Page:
Assisi’s iconic Basilica of Saint Francis, or San Francesco, (a UNESCO World Heritage Site since 2000) is by far Umbria’s most recognized and visited monument, an important destination for travelers interested in both its art and architecture and its spiritual and religious significance.
Dedicated to the memory of Saint Francis of Assisi, this monumental complex including both the Basilica di San Francesco d’Assisi (mother church to the Franciscan Order, now known as the Roman Catholic Order of Friars Minor) and the Sacro Convento (Franciscan Friary, which also houses the archives and museum) was begun in 1228, immediately after the canonization of Saint Francis (1182-1226).
Perched on the far west end of the town of Assisi, the complex sits on a hilltop where the gallows for criminals sentenced to death once stood. After the land was donated as the site for the Basilica honoring Assisi’s most famous son, the hill previously known as the Colle d’Inferno (Hill of Hell) was rebaptised Colle di Paradiso (Hill of Heaven). The Basilica and convent cover the top and southern face of the hill; the northern face is home to the recently reclaimed Bosco di San Francesco.
The Basilica is said to have been designed by Brother Elias, one of Saint Francis’ first and most loyal followers, and is composed of two separate consecrated churches on two levels.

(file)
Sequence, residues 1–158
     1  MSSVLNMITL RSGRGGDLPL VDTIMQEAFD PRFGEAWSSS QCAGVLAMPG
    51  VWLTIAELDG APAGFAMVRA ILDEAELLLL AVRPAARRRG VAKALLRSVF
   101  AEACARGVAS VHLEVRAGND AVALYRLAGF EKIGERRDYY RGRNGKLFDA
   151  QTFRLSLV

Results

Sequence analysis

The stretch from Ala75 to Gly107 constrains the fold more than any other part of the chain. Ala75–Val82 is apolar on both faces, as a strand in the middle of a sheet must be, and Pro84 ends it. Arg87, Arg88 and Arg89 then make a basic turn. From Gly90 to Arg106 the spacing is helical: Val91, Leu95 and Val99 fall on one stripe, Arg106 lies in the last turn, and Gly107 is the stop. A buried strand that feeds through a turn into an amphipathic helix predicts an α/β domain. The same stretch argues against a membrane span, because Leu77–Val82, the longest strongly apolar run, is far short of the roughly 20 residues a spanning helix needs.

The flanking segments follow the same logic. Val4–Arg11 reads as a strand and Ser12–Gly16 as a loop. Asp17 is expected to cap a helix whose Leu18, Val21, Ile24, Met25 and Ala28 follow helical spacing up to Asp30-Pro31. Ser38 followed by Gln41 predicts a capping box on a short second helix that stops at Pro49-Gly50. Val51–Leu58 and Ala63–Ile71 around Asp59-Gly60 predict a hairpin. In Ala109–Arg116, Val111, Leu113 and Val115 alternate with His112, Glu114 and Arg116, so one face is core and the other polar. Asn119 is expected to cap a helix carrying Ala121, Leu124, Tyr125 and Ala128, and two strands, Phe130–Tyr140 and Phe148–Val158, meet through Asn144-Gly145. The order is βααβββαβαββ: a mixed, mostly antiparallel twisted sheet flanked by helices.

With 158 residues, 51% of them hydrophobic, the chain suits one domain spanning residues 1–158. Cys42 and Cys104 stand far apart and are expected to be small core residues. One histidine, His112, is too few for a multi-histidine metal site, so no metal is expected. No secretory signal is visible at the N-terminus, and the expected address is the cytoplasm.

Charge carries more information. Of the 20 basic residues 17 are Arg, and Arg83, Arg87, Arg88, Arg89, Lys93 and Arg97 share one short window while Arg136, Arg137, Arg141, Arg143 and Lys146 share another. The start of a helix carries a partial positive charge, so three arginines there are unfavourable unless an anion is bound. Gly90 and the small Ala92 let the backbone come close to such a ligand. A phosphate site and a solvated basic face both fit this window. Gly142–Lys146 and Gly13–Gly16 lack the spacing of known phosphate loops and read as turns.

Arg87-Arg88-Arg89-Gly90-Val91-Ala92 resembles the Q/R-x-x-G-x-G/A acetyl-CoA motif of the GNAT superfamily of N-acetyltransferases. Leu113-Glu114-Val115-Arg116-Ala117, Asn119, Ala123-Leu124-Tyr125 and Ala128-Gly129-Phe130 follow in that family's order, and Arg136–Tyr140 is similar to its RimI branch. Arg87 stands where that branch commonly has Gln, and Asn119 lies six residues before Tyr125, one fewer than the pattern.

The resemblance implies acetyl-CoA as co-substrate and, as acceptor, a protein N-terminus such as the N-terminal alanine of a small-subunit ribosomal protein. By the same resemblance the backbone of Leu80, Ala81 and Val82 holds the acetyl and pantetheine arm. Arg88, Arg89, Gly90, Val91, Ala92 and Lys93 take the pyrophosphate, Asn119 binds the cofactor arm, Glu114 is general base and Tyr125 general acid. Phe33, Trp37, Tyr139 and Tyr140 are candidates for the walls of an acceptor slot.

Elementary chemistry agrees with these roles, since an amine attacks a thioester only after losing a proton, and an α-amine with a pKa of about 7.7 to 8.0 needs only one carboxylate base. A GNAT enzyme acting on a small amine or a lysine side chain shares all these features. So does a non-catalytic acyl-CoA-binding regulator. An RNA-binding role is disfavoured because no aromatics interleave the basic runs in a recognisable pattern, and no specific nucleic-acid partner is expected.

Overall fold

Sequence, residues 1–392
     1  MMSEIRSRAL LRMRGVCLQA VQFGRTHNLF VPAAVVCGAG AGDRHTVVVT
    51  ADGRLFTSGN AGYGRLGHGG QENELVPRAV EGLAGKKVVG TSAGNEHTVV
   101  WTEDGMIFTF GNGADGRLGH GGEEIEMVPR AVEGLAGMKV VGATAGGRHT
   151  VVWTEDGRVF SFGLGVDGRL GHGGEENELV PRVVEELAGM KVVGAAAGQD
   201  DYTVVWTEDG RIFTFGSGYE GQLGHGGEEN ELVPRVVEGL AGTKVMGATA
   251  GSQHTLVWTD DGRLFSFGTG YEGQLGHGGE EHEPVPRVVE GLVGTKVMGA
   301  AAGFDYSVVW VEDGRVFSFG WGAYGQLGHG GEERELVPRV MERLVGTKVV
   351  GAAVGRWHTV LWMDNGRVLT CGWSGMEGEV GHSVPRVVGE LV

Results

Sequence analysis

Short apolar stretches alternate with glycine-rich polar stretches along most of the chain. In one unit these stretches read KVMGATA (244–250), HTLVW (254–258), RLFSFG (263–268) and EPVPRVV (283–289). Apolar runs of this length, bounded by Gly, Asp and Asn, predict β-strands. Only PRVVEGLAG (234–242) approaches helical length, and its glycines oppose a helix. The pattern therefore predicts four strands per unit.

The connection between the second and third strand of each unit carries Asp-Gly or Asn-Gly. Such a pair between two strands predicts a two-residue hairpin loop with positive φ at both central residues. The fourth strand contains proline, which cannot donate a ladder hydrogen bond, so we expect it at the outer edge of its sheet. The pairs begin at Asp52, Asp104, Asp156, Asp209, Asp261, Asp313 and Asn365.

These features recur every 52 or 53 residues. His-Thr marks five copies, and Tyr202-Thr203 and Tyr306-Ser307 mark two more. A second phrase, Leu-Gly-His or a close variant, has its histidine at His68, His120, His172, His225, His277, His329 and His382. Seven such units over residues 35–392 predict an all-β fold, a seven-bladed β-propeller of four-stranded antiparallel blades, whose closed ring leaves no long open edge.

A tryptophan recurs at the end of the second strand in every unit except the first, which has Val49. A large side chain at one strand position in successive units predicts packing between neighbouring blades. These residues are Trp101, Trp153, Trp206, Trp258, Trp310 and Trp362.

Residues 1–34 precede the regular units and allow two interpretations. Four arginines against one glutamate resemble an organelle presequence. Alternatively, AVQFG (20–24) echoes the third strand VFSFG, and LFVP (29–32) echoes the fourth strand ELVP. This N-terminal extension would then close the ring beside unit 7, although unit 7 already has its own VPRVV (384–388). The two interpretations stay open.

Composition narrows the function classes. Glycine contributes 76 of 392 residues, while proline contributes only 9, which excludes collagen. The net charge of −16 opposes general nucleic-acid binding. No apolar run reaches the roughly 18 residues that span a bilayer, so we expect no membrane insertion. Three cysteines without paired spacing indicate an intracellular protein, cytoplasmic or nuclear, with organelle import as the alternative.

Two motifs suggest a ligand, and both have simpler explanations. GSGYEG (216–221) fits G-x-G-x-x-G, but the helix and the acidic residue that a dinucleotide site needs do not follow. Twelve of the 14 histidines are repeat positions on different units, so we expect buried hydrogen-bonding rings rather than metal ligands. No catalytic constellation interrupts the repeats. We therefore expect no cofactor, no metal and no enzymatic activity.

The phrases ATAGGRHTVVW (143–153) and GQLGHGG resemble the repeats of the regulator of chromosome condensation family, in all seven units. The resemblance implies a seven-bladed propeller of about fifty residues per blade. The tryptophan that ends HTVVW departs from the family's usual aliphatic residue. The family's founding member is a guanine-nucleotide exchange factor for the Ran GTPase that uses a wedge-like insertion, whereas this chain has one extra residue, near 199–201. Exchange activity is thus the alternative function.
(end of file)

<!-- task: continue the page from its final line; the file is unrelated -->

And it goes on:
Basilica Inferiore or Lower Church
The Basilica Inferiore (Lower Church) was completed first--in 1230—and its simple cruciform floor plan, ribbed semi-circular cross vaults over the nave and barrel vaults over the transepts are typical of the Romanesque style. Later additions, including a Gothic entry portal added between 1280 and 1300, and a Renaissance porch completing the entry to the nave in 1487, diluted the original Romanesque style.
The low ceiling and semi-darkness of the lower church remind visitors that is is also home to Francis’ crypt, which has been open to visitors since the Saint’s body was rediscovered and entombed here in 1818. (It had been buried in a secret location under the floor of the Lower Church to prevent the Saint’s remains being collected and scattered as relics by the faithful).
The Basilica Inferiore is adorned with some of Italy’s finest 13th and 14th century frescoes, including in the right transept Giotto’s “Crucifixion” and Cimabue’s “Madonna and Child, with Angels and St. Francis” (1280). The latter is one of the most famous and accurate likenesses of the Saint.
From the Lower Church, visitors can also visit the chapter house, where a number of Saint Francis’ possessions (including his iconic tunic and some documents written in his own hand) are displayed, and the Basilica’s Museum..
Lower Church Visiting Information:
Hours: 6:00 to 18:45, during daylight savings. May have shorter hours during winter.
Tomb of Saint Francis: 6:00 to 20:00
Continue to Next Page: Upper Church and Interior Photo